|Oliva Serie V Melanio|
The 2012 IPCPR Trade Show saw Oliva Cigar Company showcase a new line as a part of its popular Serie V family – the Oliva Serie V Melanio. With a lot of new releases in the cigar industry over the past twelve months, Oliva has been pretty quiet. However, for 2012, Oliva has opted to add what can be considered an ultra- premium line into their portfolio with the Melanio (it will carry an SRP from $8.00 to $14.00). The Melanio is not a line extension, but a new blend. There was a lot of anticipation with for the Melanio coming into IPCPR. I recently had a chance to smoke this cigar as it made its way into the brick and mortar shops, and this is a cigar that has lived up to its billing. In fact, this might be one of the finest cigars to come out of Oliva Cigars.
Here is some information we provided when we previewed the Oliva Serie V Melanio:
The Oliva V Melanio is expected to be a core line cigar with production limited to 500,000 or less per year. The Melanio gets its name from family patriarch Melanio Oliva. Melanio Oliva was a tobacco grower in 19th century Cuba. He is believed to be the first Oliva family member to grow tobacco.
Let’s break down the Oliva Serie V Melanio and see what this cigar delivers. I will disclaim this cigar experience was based on a single smoking experience.
The Melanio differs from the core Oliva Serie V line in that it utilizes a Ecuadorian Sumatra wrapper (the core Serie V uses an Habano Sun Grown wrapper). The blend also features Nicaraguan tobacco from Jalapa. The fillers are said to be some of the most aged filler tobacco from Oliva.
Wrapper: Ecuadorian Sumatra
The Melanio also differs from the core Oliva Serie V in that all of the vitolas currently available are in a box-press shape.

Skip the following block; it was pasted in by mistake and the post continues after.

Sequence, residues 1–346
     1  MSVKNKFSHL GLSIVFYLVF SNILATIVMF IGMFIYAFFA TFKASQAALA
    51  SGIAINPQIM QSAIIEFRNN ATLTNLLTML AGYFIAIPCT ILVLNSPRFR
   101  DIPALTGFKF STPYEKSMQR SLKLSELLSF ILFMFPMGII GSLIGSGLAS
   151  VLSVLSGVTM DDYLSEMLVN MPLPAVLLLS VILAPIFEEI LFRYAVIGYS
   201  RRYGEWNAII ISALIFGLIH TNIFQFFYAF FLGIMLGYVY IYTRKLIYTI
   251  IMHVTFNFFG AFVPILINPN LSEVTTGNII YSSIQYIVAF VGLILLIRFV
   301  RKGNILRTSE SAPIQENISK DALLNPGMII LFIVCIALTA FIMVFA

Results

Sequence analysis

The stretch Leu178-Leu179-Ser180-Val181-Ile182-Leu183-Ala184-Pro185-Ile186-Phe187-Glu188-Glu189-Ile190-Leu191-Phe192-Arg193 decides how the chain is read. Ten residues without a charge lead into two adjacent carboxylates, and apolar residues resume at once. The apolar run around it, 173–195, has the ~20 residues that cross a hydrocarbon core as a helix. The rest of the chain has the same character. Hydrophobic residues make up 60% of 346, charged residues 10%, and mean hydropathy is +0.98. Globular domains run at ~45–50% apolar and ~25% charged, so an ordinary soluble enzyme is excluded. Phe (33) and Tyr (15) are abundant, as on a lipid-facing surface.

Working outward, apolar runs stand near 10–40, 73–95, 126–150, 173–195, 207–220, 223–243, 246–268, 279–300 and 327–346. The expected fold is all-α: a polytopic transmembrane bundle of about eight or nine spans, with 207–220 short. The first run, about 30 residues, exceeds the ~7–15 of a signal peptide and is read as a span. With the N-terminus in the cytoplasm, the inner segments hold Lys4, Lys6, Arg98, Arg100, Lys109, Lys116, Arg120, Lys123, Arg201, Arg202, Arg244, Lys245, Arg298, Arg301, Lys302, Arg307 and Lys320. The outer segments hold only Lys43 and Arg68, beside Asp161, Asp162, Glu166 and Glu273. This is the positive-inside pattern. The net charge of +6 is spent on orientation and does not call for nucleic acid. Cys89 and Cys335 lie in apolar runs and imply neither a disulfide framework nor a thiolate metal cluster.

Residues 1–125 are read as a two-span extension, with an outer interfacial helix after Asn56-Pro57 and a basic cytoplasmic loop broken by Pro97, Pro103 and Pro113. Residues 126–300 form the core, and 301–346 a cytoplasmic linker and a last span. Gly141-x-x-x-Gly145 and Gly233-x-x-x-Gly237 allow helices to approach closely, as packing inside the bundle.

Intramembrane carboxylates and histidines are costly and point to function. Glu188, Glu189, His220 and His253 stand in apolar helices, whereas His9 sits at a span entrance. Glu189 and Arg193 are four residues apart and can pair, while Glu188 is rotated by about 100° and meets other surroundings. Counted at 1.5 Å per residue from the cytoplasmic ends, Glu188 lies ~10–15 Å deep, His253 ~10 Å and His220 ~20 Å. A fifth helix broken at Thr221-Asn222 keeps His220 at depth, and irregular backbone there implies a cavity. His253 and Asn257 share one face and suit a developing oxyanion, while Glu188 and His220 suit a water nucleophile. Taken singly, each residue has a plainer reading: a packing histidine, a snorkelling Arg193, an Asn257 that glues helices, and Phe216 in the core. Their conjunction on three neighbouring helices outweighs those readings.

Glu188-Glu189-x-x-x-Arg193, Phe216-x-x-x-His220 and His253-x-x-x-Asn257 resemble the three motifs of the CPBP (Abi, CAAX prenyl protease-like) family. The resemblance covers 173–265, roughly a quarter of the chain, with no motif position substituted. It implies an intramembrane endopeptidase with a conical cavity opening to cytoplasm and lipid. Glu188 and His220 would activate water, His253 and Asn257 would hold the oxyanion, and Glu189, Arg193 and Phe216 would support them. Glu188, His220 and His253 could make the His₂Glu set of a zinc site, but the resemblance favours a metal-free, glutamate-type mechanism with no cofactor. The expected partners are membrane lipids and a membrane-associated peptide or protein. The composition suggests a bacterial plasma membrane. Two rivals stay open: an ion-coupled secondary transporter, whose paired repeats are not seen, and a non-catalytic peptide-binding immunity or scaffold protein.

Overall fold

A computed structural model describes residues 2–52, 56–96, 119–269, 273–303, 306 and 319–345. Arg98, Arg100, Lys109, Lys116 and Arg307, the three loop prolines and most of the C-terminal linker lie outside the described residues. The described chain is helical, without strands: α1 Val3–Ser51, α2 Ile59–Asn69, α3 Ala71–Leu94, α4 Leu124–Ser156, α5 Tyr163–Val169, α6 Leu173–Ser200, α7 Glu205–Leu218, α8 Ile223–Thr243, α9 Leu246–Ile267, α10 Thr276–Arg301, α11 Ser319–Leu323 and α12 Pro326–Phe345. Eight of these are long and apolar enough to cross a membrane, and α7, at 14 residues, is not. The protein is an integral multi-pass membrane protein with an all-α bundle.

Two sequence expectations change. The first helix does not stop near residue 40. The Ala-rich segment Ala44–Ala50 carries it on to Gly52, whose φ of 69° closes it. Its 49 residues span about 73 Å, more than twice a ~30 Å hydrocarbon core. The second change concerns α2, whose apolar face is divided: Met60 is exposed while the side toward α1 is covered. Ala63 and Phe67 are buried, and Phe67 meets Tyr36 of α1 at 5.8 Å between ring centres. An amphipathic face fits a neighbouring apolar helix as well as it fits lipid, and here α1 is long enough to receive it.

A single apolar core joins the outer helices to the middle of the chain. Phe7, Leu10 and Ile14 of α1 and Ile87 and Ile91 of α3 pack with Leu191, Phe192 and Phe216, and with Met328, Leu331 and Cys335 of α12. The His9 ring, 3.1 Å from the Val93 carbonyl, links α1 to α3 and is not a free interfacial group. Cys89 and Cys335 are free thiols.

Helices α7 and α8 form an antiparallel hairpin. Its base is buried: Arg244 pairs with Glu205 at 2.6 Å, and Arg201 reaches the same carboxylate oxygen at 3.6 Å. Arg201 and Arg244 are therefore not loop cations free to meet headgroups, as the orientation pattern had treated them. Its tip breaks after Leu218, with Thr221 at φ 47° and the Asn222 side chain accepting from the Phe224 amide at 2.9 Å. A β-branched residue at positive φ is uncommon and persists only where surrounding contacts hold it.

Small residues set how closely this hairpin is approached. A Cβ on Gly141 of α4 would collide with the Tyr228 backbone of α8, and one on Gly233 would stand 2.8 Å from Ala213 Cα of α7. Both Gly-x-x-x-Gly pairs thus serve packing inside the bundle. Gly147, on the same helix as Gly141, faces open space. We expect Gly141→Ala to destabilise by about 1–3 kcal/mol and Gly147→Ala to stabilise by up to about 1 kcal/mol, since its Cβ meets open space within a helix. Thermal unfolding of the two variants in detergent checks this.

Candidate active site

Churchill 7 x 50
Figuardo 6 1/2 x 52 (Double torpedo)
Torpedo: 6 1/2 x 52
Robusto: 5 x 52
Petit Corona 4 1/2 x 46
Robusto 5 x 52
For this cigar experience, I smoked the Petit Corona vitola The box-press of the Melanio is a firm one. Compared to many other box-press vitolas, I would categorize this as a “flatter” box-press. The Ecuadorian Sumatra wrapper has a light coffee bean color with some dark spots. There are virtually no veins or wrapper seams that are visible. The complexion of the wrapper has a silky look to it.
There are two bands on the Melanio. The first band is the classic brown, gold, and red Serie V band. That band also features the text “Gran Reserva Limitada” etched in gold on a gold stripe. There is a secondary band that says “Melanio” in gold font on a brown background. Below that text it says “Reserva Limiada” in a smaller gold font. There are red, gold, and brown stripes on the secondary band.
Preparation for the Cigar Experience
For my cigar experience with the Melanio Petit Corona, I went with a straight cut into the cap of the cigar. The pre-light draw was extremely pleasing as I was treated to a combination of coffee, wood, and cedar notes. With a very satisfactory dry draw, it was time to fire up the Oliva Serie V Melanio and see what this cigar would deliver during the smoking experience.